Diagnosis of ALS

There is no single test to diagnose amyotrophic lateral sclerosis (ALS) because it shares common symptoms with other neurological diseases. Instead, the diagnosis is based on a period of observation to track the progression of symptoms, combined with a series of clinical tests to rule out other conditions. Observation can take up to a year, which can result in a diagnosis taking from 12 to 14 months in the United States.

The El Escorial criteria, revised by the World Federation of Neurology (WFN) in 2010, defines the following conditions for a diagnosis of ALS:

  • Signs of degeneration of the lower motor neurons (LMN) in the spinal cord and brainstem, and of the upper motor neurons (UMN) in the brain. Motor neurons are nerve cells whose cell body is located in the spinal cord and whose fiber (axon) projects outside the spinal cord to control the movement of muscles.
  • The progressive spread of signs within a region, or to other regions of the body.
  • No evidence of other disease processes that could explain the symptoms.

A diagnosis of ALS can be defined as clinically definite, probable, possible, or suspected, depending on the progression of the LMN and UMN degradation and the results of electromyography testing. Because a definitive ALS diagnosis is not always possible, individuals may benefit from a second neurological opinion.

For a full ALS diagnosis, clinical tests to rule out other neurological diseases will be carried out based on the symptoms the patient has shown. These can include:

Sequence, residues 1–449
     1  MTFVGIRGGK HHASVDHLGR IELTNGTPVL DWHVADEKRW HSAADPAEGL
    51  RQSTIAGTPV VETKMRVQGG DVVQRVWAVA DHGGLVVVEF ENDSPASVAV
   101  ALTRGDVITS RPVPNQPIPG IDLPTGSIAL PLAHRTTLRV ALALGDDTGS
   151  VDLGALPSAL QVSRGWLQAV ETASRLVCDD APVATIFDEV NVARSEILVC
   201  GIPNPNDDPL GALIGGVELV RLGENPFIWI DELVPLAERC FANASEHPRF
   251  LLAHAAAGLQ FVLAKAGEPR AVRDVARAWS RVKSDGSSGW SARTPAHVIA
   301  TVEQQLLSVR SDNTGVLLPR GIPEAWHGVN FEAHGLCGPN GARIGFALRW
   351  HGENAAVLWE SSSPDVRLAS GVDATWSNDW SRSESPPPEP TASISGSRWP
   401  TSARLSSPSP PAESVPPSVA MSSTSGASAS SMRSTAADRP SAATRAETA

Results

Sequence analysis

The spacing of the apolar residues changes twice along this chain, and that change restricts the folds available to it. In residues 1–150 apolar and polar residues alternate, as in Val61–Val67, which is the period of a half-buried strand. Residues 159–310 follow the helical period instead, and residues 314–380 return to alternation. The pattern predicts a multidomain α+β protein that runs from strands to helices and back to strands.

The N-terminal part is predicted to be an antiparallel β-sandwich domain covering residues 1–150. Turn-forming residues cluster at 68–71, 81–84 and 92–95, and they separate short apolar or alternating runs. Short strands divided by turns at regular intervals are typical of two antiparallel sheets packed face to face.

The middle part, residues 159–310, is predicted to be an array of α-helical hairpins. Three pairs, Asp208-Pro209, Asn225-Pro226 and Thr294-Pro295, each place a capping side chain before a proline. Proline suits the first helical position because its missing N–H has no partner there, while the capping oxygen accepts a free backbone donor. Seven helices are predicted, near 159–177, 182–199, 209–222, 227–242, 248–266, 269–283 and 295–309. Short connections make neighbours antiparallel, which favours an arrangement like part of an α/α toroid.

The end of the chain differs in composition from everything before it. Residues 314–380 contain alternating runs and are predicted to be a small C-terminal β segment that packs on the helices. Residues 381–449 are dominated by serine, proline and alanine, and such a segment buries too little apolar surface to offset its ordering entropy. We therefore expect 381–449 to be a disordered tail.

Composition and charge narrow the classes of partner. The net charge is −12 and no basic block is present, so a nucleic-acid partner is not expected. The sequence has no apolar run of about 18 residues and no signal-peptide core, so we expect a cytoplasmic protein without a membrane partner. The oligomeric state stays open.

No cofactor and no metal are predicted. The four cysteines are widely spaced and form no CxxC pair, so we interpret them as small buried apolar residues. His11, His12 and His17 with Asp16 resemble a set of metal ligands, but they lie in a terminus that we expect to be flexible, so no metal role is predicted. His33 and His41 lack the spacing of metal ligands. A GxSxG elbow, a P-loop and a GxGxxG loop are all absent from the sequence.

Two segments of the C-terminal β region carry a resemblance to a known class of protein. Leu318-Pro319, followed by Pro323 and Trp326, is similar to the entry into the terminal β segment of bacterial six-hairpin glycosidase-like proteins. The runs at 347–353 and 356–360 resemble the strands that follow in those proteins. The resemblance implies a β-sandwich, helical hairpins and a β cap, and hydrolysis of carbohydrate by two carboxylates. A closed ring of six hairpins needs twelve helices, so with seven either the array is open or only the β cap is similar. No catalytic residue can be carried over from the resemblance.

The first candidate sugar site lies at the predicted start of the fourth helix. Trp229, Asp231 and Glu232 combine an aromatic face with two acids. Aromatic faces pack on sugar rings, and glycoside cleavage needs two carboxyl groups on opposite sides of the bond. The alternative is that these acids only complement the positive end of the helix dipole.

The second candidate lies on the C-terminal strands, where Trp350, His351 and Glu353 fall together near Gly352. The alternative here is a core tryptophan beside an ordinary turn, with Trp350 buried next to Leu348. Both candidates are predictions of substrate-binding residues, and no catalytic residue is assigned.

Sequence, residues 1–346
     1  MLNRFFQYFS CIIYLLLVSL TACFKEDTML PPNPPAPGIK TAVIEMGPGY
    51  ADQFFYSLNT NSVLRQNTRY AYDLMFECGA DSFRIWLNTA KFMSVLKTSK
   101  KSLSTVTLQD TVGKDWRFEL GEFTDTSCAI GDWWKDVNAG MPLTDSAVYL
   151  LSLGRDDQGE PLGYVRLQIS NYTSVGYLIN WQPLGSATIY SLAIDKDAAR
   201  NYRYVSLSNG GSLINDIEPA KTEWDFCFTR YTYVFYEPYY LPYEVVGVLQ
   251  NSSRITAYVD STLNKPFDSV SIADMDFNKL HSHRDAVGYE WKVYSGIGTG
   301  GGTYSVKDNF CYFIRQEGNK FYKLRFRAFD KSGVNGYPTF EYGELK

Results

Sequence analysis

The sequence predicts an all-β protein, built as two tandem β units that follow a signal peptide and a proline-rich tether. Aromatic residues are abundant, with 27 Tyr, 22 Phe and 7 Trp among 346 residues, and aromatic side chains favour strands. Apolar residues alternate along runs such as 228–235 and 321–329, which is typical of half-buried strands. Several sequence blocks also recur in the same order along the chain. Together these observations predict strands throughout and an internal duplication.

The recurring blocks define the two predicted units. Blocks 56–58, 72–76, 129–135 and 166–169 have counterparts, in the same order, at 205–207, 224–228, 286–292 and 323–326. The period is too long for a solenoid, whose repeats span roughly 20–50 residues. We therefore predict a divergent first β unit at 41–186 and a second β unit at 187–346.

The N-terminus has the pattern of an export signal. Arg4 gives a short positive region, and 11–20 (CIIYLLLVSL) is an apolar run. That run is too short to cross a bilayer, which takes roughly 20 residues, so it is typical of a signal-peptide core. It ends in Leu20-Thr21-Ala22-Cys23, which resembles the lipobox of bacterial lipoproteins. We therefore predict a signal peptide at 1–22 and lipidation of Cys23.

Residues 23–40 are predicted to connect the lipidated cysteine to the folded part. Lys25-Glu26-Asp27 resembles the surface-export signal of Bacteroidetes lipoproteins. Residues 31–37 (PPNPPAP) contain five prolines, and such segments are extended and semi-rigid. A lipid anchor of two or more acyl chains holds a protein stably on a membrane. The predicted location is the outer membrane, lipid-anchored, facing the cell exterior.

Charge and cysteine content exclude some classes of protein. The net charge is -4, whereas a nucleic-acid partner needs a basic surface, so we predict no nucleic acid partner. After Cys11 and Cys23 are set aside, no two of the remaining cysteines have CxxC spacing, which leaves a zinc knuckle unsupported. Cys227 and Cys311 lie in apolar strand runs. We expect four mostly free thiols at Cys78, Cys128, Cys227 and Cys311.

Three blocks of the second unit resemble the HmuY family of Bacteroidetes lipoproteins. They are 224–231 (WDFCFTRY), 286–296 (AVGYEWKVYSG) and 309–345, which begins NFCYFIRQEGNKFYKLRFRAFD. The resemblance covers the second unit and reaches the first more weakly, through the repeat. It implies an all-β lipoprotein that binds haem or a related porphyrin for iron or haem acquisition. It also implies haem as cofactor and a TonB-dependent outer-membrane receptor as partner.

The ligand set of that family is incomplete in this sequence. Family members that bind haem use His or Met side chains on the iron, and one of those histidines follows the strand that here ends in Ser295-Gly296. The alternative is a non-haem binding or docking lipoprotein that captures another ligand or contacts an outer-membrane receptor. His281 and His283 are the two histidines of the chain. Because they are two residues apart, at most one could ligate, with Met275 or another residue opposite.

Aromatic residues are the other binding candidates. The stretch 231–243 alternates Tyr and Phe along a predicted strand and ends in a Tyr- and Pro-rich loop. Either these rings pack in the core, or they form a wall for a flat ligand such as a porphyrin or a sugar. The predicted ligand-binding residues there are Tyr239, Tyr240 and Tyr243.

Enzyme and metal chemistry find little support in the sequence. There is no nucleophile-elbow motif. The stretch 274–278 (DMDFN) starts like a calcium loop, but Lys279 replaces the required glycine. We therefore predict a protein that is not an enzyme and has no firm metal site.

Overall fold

• Electromyography (EMG), to assess the electrical activity in the muscle. Abnormal EMG results can confirm LMN degeneration for the diagnosis of ALS.
  • Nerve conduction study (NCS), which measures the ability of a nerve to transmit an electrical signal to other areas of the body. This can exclude disorders that effect the peripheral nerves.
  • Magnetic resonance imaging (MRI), a noninvasive method to produce detailed images of the brain and spinal cord. People with ALS generally show normal MRI scans, but this can reveal other treatable causes behind the symptoms, such as syringomyelia (a cyst in the spinal cord).
  • In rare cases, a muscle biopsy will be performed. A small section of muscle is removed from the patient under local anesthesia and examined under a microscope for abnormalities.
  • Blood and urine testing, for example for thyroid function.
  • Spinal tap (or lumbar puncture) to exclude inflammatory nerve conditions.
  • Tests for infectious diseases such as human immunodeficiency virus (HIV) and human T-cell leukemia virus (HTLV), which can cause some ALS-like symptoms.

ALS News Today is strictly a news and information website about the disease. It does not provide medical advice, diagnosis or treatment. This content is not intended to be a substitute for professional medical advice, diagnosis, or treatment. Always seek the advice of your physician or other qualified health provider with any questions you may have regarding a medical condition. Never disregard professional medical advice or delay in seeking it because of something you have read on this website.